Book Publishers Northwest was recently contacted to test Grammarly, a website that serves as a type of line editor. It’s an interesting idea. Upload your document … or one sent to you by an author … check it for basic grammar, spelling errors, and possible plagarism. (Yes, we know the word in red is misspelled, read more to learn why).
Unfortunately, when testing the most basic function, the ability to paste or upload a document into the Grammarly window, we could not get it to work. According to Grammarly’s instruction page, once logged in, you should be able to use ctrl-C and ctrl-V, or drag and drop your document. All of these failed for us. Perhaps because we work on a Mac. Perhaps we were just a little clueless. We may not have enabled our test account correctly.
However, being fast copy typists, we decided to test out a few basic paragraphs rather than keep struggling with the tech issue. Apparently we are excellent typists. We received scores of “100% accurate.”
So we turned to the Bard of Avon as a good test of anyone’s command of the English language. We used the sentence: “Now is the winter of our discontent made glorious summer by this son of York.”
When surrounded by quote marks, Grammarly treated it as a quote and made no corrections. Nicely done, Grammarly!
When not surrounded by quotes, Grammarly gave the Bard a few pointers and took task with some possibly improper word choices. Alas, poor Bill.
The program failed to recognize the quote as being from Shakespeare or possible plagiarism. Possibly because we typed it as a complete sentence, rather than using the usual breaks for Shakespeare’s speeches. Apparently removing the “;” from the middle and making “made” lower case was enough to slip this by the Grammarly plagiarism police.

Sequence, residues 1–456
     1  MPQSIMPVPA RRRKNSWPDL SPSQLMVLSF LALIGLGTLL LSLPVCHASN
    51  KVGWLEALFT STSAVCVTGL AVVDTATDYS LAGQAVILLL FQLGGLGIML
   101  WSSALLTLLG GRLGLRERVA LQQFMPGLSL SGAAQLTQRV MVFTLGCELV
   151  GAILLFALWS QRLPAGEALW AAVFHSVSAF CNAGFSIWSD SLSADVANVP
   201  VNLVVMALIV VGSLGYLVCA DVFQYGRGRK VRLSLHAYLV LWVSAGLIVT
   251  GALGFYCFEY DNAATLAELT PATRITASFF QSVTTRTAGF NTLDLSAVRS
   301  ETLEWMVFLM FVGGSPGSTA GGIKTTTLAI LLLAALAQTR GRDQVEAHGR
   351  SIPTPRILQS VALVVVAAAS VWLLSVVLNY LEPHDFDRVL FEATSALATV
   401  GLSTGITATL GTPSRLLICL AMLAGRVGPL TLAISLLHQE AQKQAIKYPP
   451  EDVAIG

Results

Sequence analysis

So then we re-typed this review onto the Grammarly test page with a deliberate spelling error (marked in red above) in our first paragraph. Here’s how Grammarly scored it as a “Business” article:
6 issues found.
Score: 78 of 100
Here’s an example of the errors cited:
Grammarly caught our deliberate spelling error in the first paragraph: plagarism (we note that Word and WordPress also caught this error)
Another good catch was Grammarly’s questioning of how we presented “ctrl-C” and “ctrl-V” and it suggested:
ctrl ( Ctrl, Carl, curl, Ctrl-C, caul ) -C, ctrl ( Ctrl, Carl, curl, Ctrl-V, cirl ) -V,
Editor’s note: We like the idea of a “caul-C” button. Sounds like something the Witches of Macbeth would use. Ctrl-C and Ctrl-V would be a good style choice for a business article.
We disagree with Grammarly’s dismissal of “took task” as needing review for “article use.” Grammarly doesn’t like this phrase and suggest we write it as “took the task” or “took a task.” That phrase could be corrected to “took to task” but not “took a task” as far as we are concerned.
So does this website replace a human being as a line editor? Probably not. A good line editor is more than a spell checker and can adjust her editing to a house style.
But, if you can get the paste or upload function to work, Grammarly offers a quick way to review for the basics if you are not satisfied with the grammar and spell checks that come with your word processing software.
For publishers of nonfiction, or even fiction, doing some quick plagiarism checking could save you some grief down the line. Although it’s not foolproof and you still need to be able to trust your authors to be writing their own works, not copying someone else and hoping to get away with it.
Grammarly offers a variety of subscription plans. Prices range from $29.95 for a one-month only use to $139.95 for an entire year. For someone looking for a quick first draft check when preparing or reviewing a manuscript for possible publication, this might be a useful web tool.